Interview with Andrew Armes
Andrew was part of the architects department for Milton Keynes Council, which included the design of a new master plan for the centre of the city in 1999. Andrew was keen to be involved and felt that the shopping centre needed to be updated. The master plan was to cover four hundred hectares; from the station to the canal at the bottom of Campbell Park. One of the key ideas was to move the car parks to create a more vibrant flow of people. But Andrew explains that actually, very little was actually implemented of this plan.
Andrew became involved in the Skate MK project with Milton Keynes Council because, whilst he was working on the master plan, he came across a lot of friction between pedestrians, car users and skateboard users. He explains how the shopping centre was ideal for skateboard users because of its modernist infrastructure. Andrew was of the opinion that skating had great benefits for young people because it was ’athletic’ and ‘very skilful’, and so he felt it should be ‘nurtured’. A professional consensus was held and it was decided that a series of routes and honeypots would be created. The first honeypot was the bus station- known as ’Buszy’. Andrew considers the creation of ’Buszy’ to be his biggest success. Andrew is hoping that a new one will be built somewhere else.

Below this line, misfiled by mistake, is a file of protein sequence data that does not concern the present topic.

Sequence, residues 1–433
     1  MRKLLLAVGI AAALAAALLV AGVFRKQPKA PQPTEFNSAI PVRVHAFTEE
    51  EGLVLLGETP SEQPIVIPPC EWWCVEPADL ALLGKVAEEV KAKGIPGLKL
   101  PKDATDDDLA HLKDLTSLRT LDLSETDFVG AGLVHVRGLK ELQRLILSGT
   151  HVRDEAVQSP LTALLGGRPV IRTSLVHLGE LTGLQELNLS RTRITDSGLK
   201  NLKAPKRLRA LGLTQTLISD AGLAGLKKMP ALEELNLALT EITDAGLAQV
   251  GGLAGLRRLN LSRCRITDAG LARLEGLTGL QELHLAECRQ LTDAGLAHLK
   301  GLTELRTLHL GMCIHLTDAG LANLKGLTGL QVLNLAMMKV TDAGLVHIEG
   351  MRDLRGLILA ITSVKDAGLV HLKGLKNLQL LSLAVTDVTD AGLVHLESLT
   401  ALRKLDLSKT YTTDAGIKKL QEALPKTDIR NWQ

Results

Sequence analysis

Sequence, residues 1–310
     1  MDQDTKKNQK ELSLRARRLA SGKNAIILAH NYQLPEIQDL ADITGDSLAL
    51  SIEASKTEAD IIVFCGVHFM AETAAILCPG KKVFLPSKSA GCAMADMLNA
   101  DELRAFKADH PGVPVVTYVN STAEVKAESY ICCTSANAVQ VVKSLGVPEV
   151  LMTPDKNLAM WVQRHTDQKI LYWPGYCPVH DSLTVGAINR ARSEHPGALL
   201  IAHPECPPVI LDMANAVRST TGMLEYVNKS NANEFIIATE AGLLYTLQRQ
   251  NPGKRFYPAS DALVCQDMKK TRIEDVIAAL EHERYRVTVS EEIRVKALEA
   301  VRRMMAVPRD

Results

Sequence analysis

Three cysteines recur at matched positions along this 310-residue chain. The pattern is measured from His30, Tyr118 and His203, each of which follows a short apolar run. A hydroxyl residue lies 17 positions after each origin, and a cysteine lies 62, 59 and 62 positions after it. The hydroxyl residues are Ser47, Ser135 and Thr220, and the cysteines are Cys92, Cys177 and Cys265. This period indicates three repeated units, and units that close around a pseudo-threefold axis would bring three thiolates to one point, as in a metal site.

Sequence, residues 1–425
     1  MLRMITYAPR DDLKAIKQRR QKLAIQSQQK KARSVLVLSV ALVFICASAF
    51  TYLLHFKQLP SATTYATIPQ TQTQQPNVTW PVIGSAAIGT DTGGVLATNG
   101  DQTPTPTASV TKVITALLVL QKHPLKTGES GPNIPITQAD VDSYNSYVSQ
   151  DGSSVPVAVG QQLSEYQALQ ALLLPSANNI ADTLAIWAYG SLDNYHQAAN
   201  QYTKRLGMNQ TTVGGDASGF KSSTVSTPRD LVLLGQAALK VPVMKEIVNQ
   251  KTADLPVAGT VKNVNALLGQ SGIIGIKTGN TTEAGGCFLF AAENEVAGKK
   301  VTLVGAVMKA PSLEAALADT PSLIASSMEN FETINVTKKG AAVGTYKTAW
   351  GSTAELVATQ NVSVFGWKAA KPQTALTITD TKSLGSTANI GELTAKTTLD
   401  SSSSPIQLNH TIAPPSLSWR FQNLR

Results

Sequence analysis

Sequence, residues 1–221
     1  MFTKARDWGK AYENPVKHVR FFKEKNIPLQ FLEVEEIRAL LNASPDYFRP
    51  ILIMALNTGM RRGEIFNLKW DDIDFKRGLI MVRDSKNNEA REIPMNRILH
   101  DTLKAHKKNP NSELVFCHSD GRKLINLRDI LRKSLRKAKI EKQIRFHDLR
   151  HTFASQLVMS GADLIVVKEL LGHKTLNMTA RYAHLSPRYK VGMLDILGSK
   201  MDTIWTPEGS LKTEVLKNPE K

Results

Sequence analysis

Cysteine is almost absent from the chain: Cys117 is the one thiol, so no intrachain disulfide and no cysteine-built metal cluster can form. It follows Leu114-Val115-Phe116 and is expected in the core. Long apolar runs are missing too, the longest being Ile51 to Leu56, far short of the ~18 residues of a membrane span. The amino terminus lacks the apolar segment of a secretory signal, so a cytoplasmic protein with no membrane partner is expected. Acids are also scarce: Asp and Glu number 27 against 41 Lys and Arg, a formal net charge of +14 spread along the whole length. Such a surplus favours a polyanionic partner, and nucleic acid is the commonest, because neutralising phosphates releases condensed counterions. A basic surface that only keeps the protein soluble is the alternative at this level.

Ultimately, Andrew argues that architecture has to change because how people use spaces change. Andrew is frustrated that there is a lot of space in Milton Keynes which is not being used, one being Station Square. He thinks that Station Square could be another space like ‘Buszy’.